Are.na is an open space where people can organize their thoughts and documents to collaborate, research, and learn together. I love their cooperative orientation to collecting knowledge and the “slow” approach to socializing online.
Are.na has been described as “social media for people who dislike social media”, “social media that doesn’t damage your brain,” and also “Pinterest for nerds.” I think all those descriptions are highly accurate.
Users connect their Kindle devices with their computers, pick a file called My Clippings.txt, and then drop it into the website. A server running Node.js parses the file, extracts the clippings, and displays the information. From there users can select their highlights and notes, and send them to their Are.na channels.
Like with my enFont Terrible project, I took a respectful approach to privacy: which means that I never store user data on my server. But to avoid having to upload the clippings file every time the user wants to interact with the site, he information is stored locally in the Local Storage of their browsers. This way, if they reload the page or close the browser, they won’t have to re-upload the file again.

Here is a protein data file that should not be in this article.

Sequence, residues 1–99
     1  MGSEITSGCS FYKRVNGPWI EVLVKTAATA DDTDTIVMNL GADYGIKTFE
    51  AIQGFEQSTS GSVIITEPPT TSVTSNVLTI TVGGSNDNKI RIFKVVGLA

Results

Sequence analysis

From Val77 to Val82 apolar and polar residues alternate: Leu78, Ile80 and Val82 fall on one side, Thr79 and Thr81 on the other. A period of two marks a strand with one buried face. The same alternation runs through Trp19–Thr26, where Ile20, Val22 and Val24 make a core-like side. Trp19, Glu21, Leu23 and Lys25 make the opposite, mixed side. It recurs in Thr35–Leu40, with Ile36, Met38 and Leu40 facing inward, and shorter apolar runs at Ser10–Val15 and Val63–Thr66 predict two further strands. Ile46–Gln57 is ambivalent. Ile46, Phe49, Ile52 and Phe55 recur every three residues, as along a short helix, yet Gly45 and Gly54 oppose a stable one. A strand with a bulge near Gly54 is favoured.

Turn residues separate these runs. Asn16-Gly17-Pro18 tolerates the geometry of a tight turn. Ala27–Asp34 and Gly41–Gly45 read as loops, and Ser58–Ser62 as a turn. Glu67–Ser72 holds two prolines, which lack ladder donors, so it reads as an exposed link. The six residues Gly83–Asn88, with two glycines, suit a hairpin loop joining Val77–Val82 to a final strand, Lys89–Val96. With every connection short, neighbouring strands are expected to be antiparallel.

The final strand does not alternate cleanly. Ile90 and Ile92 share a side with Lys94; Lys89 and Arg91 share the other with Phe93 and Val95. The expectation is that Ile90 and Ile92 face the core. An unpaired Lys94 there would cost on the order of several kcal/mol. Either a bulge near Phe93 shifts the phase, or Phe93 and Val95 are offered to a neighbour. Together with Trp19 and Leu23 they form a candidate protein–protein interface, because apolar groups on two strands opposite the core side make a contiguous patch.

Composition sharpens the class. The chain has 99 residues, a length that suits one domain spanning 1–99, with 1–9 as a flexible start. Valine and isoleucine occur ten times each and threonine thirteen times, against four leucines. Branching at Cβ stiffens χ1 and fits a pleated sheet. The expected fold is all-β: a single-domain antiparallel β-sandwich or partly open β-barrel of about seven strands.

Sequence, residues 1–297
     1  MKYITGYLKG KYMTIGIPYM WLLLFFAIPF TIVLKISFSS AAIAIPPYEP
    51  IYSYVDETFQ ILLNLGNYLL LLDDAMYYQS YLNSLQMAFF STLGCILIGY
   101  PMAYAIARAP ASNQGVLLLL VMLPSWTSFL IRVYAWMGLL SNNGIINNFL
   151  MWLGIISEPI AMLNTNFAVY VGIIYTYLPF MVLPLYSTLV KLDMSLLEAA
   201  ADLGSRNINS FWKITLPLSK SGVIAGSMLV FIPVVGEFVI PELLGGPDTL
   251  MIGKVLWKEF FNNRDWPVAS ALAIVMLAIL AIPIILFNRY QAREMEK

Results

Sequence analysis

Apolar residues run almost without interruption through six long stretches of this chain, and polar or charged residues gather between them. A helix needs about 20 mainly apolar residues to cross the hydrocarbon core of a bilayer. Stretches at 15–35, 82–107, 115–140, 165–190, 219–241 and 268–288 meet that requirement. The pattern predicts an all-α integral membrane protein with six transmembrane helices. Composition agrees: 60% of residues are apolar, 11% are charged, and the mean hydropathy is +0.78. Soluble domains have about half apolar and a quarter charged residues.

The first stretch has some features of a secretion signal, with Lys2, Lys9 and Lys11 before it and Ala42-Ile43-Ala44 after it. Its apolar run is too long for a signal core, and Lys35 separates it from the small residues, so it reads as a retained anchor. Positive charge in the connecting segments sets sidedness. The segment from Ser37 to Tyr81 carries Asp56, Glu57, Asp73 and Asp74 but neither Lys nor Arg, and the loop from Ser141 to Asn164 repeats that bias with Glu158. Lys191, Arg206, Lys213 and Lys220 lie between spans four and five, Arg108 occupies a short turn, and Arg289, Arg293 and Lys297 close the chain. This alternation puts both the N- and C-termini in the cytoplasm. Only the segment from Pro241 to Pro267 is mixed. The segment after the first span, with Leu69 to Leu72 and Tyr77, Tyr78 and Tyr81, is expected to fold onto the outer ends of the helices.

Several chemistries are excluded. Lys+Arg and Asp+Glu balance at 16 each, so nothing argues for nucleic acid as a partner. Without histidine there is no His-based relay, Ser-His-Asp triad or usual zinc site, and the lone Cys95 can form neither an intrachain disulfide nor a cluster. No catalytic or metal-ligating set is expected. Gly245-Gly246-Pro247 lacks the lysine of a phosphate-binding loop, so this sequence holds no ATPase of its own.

The user can modify the highlights and notes before sending the data to Are.na, and since Are.na uses Markdown in the description of the content, users can apply their own formatting.
Future updates include adding a mechanism to create simple templates so users can customize the way they publish the highlights, and an option to share the clippings into a common Are.na channel.
The code of this project is public and available in this GitHub repo.